Origin of name:

micro = small

Diagnostic characters:

Prostrate herb with bare older branches
Yellow bracts
Very small compact heads
Leaves spathulate, small and woolly


Herb with a slender taproot, probably mostly annual, occasional specimens with woody taproot and base, branches few to many from the crown, prostrate or decumbent, mostly 20-150 mm long, very slender, simple or sparingly branched, loosely woolly, glabrescent, often reddish, distantly leafy except at the crown and under the heads. Radical leaves up to 15 x 6 mm, stem leaves sometimes smaller, upper leaves mostly 3-8 x 1.5-3 mm, obovate, spathulate or oblong-spathulate, apex obtuse, often folded lengthwise and strongly recurved, base narrowed, half-clasping, margins somewhat undulate, both surfaces glandular, loosely grey-woolly. Heads homogamous or heterogamous, narrowly campanulate, c. 3 x 2 mm, each opposite a leaf, solitary or few in small glomerules crowded towards the tips of the branchlets forming a leafy racemose compound inflorescence. Involucral bracts in 3-4 series, outermost short, webbed to surrounding leaves with wool, inner sub-equal, exceeding flowers, woolly on the backs, pellucid, sometimes red above the stereome, tips opaque, subacute to acuminate, mostly squarrose, straw-coloured to reddish. Receptacle nearly smooth. Flowers 8-23, 0-2 (-3) female, 8-22 homogamous, yellow, sometimes tipped red. Achenes 0.75 mm long, glabrous or with myxogenic duplex hairs. Pappus bristles many, equaling corolla, tips barbellate, bases scarcely cohering by patent cilia.

Flowers between July and November.


Grows in sand, sometimes forming a dense cover on sand dunes, or on hard-packed sand. Found in the southern part of Namibia and the arid parts of the Cape from L�deritz E. and SE. to the Kalahari Gemsbok National Park, Hay and De Aar, and S. through Namaqualand and the W. Karoo to Ceres.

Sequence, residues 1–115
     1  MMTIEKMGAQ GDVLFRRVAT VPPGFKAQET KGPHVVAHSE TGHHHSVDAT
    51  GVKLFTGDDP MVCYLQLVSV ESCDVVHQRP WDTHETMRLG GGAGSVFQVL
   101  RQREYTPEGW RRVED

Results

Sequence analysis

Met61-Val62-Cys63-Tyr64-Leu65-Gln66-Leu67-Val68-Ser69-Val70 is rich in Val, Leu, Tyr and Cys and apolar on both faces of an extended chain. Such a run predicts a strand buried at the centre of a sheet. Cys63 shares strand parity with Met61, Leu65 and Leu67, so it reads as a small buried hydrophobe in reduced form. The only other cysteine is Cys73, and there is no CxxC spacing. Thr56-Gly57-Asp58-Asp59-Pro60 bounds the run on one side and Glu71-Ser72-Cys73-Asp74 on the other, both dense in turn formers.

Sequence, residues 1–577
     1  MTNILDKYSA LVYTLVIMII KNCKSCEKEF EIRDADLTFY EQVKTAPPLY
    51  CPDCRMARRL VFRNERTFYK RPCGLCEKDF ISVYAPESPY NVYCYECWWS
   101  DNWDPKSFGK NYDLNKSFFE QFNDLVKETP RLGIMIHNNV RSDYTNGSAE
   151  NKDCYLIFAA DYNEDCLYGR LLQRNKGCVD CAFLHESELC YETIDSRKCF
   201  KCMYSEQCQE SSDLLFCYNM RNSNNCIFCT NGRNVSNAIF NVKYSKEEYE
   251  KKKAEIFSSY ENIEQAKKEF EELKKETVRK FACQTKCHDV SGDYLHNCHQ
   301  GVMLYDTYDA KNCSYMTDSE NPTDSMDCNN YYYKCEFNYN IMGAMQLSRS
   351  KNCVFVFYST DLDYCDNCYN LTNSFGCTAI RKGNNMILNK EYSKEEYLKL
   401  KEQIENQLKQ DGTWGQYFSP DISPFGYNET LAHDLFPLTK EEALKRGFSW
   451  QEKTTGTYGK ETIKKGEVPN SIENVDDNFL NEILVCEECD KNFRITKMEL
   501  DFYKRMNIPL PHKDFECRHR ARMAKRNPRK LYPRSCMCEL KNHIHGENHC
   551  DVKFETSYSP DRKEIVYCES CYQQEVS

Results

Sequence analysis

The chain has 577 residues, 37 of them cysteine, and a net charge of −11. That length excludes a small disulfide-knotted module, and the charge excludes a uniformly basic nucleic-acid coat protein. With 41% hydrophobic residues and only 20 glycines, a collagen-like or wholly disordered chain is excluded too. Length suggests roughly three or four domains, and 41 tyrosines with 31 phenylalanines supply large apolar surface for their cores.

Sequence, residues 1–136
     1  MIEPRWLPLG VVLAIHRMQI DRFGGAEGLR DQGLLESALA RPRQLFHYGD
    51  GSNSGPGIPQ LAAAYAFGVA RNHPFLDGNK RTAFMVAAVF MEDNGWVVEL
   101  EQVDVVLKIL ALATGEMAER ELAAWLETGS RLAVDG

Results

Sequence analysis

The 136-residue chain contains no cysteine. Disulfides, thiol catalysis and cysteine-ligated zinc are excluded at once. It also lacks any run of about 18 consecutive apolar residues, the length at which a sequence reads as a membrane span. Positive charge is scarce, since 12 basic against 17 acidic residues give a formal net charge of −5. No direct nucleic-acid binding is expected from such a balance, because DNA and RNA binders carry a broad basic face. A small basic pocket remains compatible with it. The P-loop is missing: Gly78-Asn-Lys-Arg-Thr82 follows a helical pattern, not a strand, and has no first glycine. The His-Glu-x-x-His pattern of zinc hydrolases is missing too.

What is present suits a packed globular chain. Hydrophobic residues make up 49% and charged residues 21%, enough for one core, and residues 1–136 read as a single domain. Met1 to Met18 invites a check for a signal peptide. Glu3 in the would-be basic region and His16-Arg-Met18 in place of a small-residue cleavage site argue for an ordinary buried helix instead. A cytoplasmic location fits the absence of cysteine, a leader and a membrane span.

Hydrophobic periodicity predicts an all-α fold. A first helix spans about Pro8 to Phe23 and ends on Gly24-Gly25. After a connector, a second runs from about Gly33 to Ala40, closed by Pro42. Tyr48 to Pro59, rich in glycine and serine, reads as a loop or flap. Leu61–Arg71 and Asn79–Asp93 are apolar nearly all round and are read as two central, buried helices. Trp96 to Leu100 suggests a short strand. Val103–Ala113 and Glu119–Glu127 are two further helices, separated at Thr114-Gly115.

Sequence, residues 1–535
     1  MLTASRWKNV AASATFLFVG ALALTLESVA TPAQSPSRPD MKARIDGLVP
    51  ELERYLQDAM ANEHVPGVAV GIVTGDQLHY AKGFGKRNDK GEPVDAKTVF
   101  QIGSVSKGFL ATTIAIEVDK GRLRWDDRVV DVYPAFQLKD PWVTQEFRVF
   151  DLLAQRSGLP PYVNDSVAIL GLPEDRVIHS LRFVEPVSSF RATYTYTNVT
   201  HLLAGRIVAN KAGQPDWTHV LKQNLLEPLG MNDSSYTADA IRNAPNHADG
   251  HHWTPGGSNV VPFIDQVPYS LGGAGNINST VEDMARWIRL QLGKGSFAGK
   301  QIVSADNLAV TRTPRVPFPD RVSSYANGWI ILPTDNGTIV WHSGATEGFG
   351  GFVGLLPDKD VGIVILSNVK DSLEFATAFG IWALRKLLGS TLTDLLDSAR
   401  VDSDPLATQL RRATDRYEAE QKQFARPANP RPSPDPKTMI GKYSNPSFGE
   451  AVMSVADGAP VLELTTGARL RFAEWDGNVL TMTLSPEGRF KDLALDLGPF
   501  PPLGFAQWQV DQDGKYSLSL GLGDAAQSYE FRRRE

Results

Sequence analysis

Savanna, Succulent Karoo and Nama Karoo Biomes.


H. micropoides is very variable in the degree to which the tips of the involucral bracts are produced; there is a tendency for plants in the E. half of the range to have bracts more markedly acuminate than in plants from the W. part, but there is neither discontinuity in bract length nor absolute geographical separation. Similarly, plants with homogamous heads are commoner in the W. than in the E.

The species can usually be recognized by the peculiar arrangement of the heads in racemose compound inflorescences, but this is not always clearly visible in young specimens. However, it is a character that serves to distinguish H. micropoides immediately from its close ally, H. leontonyx, which has heads crowded in terminal glomerules. Also, in H. leontonyx the heads are always heterogamous with generally more flowers and more female flowers than in H. micropoides.
H. micropoides is also much confused with H. tinctum, which it resembles in the involucre. However, the pappus is clearly uniseriate, a character requiring careful observation; also, the heads are much smaller.




Helichrysum micropoides DC., Prodr. 6: 170 (1838); Harv. in F.C. 3: 215 (1865); Merxm., F.S.W.A. 139: 96 (1967).



South Africa, Dr�ge 5811 (G-DC, holo.).



Gnaphalium micropoides (DC.) Sch. Bip. in Bot. Ztg 3: 169 (1845).

G. prostratum Thunb., Prodr. 150 (1800), Fl. Cap. 652,(1823); Less., Syn. Comp. 330 (1832); Harv. in F.C. 3: 262 (1865); non Helichrysum prostratum Hook. f. (1844). Type: Cape, Onder Bokkeveld, Thunberg (sheet 19234, UPS, holo.).

Helichrysum fllagineum DC., l.c.; Harv., l.c. Gnaphalium araneosum Sch. Bip. in Bot. Ztg 3: 169 (1845). Type: South Africa, Dr�ge 6339 (G-DC, holo.).

H. namaquense Schltr. & Moeser in Bot. Jb. 44: 295 (1910). Type: Namaqualand, Zabies, Schlechter 11224 (Z, holo.; BM; E; G; K; PRE; S; fragment NU, iso.).



Acocks 15003 (PRE); Bolus 7441 (BOL; K); Compton 22008 (M; NBG); Merxm�ller & Giess 2993 (M; WIND); Wasserfall 1102 (K; M; NBG; PRE).